Tom Moyane wants the Zondo commission to relook at what has become the erstwhile tax commissioner’s professional albatross — the damning report into governance issues at the South African Revenue Service (Sars).
On Wednesday, the former Sars head made his application to cross-examine Pravin Gordhan, the former finance minister and now public enterprises minister, who testified before the commission in November. Deputy Chief Justice Raymond Zondo, the commission’s chairperson, reserved his decision about this after a heated sparring match between Moyane’s counsel and Gordhan’s.
At the centre of the row were the findings of the Sars commission, chaired by retired Judge Robert Nugent, and which spelled the end of Moyane’s job as Sars commissioner.
Moyane’s advocate, Dali Mpofu, argued that Gordhan’s testimony could only be confirmed by an undue reliance on Nugent’s findings. But Gordhan, represented by advocate Michelle le Roux, argued that the Zondo commission should not be asked, through an application to cross-examine, to question Gordhan further about allegations that have already been dealt with by the Sars commission.
In his interim report, Nugent recommended immediate action to forestall further deterioration of the country’s tax administration system. Moyane was fired by President Cyril Ramaphosa shortly afterwards.
Moyane’s bid in February to have his dismissal overturned by the Constitutional Court was unsuccessful. His legal team approached the court in December last year after the high court dismissed his urgent application. He is now seeking to review his dismissal in the high court in a nonurgent application.
Moyane attached his affidavit in the Constitutional Court case to his Zondo commission application, which is replete with political theories and allegations of racism made against Gordhan. Moyane also raises Gordhan’s alleged “improper role in the Nugent inquiry”, accusing him of holding undisclosed meetings with the judge. Nugent told News24 in July that his meeting with Gordhan prior to his submission before the Sars commission was above board.
Gordhan gave evidence to the Zondo commission about the apparent irregularity of Moyane’s alleged approval of New Integrated Credit Solutions (NICS) being appointed as a debt collector at Sars. Gordhan alleged Moyane misled Parliament when he claimed not to have had any involvement in the appointment of NICS.
It was Gordhan’s evidence on the NICS contract that led the commission to notify Moyane that he was implicated by the minister’s testimony. The allegation was in an affidavit used in Moyane’s disciplinary hearing.
Moyane accuses Gordhan of pursuing a “vengeful and racist agenda” by making the NICS accusation, but does not counter it with his own version — something Zondo asked him about repeatedly.
In his affidavit opposing Moyane’s cross-examination bid, Gordhan said the issue could not be taken further by him because he has no other personal knowledge about the NICS matter.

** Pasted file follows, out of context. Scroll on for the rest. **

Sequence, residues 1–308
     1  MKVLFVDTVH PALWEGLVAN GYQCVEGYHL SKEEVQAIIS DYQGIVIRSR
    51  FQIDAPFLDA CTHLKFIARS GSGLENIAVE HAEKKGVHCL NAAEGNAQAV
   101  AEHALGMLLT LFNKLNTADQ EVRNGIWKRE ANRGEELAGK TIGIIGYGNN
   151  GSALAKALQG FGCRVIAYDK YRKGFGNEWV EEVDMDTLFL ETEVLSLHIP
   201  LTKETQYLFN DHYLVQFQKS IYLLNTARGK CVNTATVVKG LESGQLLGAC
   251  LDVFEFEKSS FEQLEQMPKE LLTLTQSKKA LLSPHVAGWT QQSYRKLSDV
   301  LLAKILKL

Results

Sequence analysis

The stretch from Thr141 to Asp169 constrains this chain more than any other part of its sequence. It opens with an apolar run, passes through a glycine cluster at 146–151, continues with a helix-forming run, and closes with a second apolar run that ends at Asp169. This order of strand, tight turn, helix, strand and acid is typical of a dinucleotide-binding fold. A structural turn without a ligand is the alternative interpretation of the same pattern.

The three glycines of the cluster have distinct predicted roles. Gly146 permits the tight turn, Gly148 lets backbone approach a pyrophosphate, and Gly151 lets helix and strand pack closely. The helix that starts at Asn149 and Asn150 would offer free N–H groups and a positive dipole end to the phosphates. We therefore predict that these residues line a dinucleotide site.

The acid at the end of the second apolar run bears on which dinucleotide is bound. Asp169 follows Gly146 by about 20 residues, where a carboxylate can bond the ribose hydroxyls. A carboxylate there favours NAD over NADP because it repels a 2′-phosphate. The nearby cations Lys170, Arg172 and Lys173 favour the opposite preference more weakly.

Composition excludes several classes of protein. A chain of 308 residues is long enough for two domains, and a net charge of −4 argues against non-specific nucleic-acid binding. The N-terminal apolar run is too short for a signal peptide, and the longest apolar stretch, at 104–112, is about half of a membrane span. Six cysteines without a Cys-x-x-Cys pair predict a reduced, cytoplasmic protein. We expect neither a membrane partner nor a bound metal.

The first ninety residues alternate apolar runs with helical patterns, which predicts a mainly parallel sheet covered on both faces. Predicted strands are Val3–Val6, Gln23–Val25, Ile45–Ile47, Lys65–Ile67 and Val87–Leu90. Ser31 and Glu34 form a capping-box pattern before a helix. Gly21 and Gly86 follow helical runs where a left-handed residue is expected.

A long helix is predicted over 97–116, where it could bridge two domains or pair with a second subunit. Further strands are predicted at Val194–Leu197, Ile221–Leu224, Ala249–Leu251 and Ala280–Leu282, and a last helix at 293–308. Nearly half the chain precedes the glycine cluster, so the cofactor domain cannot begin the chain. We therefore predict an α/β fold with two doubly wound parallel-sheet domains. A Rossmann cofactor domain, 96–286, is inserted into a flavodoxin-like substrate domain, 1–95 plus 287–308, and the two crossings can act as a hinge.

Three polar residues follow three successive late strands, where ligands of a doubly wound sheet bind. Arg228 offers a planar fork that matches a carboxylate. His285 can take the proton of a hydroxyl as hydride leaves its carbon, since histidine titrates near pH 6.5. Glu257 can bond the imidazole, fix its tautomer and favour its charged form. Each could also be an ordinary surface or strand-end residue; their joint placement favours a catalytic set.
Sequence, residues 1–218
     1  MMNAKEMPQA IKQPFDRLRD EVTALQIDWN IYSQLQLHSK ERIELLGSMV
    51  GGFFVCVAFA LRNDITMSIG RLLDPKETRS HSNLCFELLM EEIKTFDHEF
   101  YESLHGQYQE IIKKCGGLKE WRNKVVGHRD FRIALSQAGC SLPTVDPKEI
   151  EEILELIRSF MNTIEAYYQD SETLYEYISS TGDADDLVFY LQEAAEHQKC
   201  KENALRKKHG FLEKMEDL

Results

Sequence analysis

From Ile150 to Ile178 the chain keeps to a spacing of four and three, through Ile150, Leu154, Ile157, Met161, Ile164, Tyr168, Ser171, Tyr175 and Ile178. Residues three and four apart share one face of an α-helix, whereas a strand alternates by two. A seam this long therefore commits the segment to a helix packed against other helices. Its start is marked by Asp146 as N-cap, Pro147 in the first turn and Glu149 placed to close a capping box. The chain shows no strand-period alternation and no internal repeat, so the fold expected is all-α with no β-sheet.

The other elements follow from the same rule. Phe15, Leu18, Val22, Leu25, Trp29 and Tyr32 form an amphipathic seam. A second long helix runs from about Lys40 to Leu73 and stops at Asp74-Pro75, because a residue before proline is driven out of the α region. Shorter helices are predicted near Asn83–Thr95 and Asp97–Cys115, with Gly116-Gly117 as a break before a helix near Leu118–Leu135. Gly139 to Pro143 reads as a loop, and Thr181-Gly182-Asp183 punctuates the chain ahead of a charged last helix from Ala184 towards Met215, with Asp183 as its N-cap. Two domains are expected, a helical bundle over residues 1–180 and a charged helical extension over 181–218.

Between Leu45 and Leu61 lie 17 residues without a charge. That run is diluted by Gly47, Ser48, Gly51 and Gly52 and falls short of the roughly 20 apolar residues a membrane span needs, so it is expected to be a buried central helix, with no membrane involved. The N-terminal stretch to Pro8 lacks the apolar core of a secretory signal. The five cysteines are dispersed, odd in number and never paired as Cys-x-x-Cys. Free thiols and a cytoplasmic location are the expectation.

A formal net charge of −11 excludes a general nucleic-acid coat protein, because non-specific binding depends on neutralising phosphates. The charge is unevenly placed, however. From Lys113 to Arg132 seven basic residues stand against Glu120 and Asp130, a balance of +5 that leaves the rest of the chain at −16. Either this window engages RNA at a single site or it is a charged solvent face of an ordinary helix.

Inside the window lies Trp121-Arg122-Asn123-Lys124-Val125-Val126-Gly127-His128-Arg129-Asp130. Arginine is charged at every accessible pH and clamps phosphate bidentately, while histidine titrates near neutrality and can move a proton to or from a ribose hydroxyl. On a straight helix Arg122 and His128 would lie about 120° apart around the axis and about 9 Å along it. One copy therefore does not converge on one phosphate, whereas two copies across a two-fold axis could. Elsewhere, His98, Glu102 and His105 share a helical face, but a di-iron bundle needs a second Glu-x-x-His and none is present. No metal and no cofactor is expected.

Nugent found that Moyane’s was the final approval for the award of the NICS contract.
But Mpofu contended that the Sars commission report and findings are“completely irrelevant to the work of this commission” and no reliance could be placed on the correctness Nugent’s findings.
Moyane also sought to question Gordhan’s credibility by reviving the claims about the unlawful formation of the so-called Sars rogue unit and the minister’s role in it.
“State capture is just a phrase that we created, but state capture talks about the creation of a parallel state,” Mpofu said on Wednesday. “There is no difference in that and setting up a rogue unit which would spy on citizens.”
In his affidavit, Gordhan said Nugent could not find any reason to believe that the unit was unlawfully established.
Le Roux contended that Moyane’s purpose for his application was to rehabilitate his reputation by airing his grievances relating to the Nugent report. She argued that, in light of its limited resources, the commission could not be expected to repeat Nugent’s work.
The commission’s evidence leaders have registered similar concerns, specifically about the mountains of evidence produced by the numerous investigations of allegations of corruption at Eskom.
The commission’s own ongoing investigation into the beleaguered power utility has relied in part on these reports.
According to the head of the commission’s legal team, Paul Pretorius, the commission still has more than 250 witnesses to interview before it can complete its work by March 2020. Despite this vast task, the legal team will not accept reports, such as the Nugent report, as being correct without further evidence.
Pretorius told the commission on its first day that the legal team may propose that the commission should not undertake work that repeats other probes, “particularly where there is little or no controversy in relation to facts found and conclusions drawn”.
“But, Mr Chair, where there is controversy or possible controversy, the legal team, together with the investigation team, will inevitably have to do its own investigative work and thereafter the commission will be asked to make its own findings,” he said.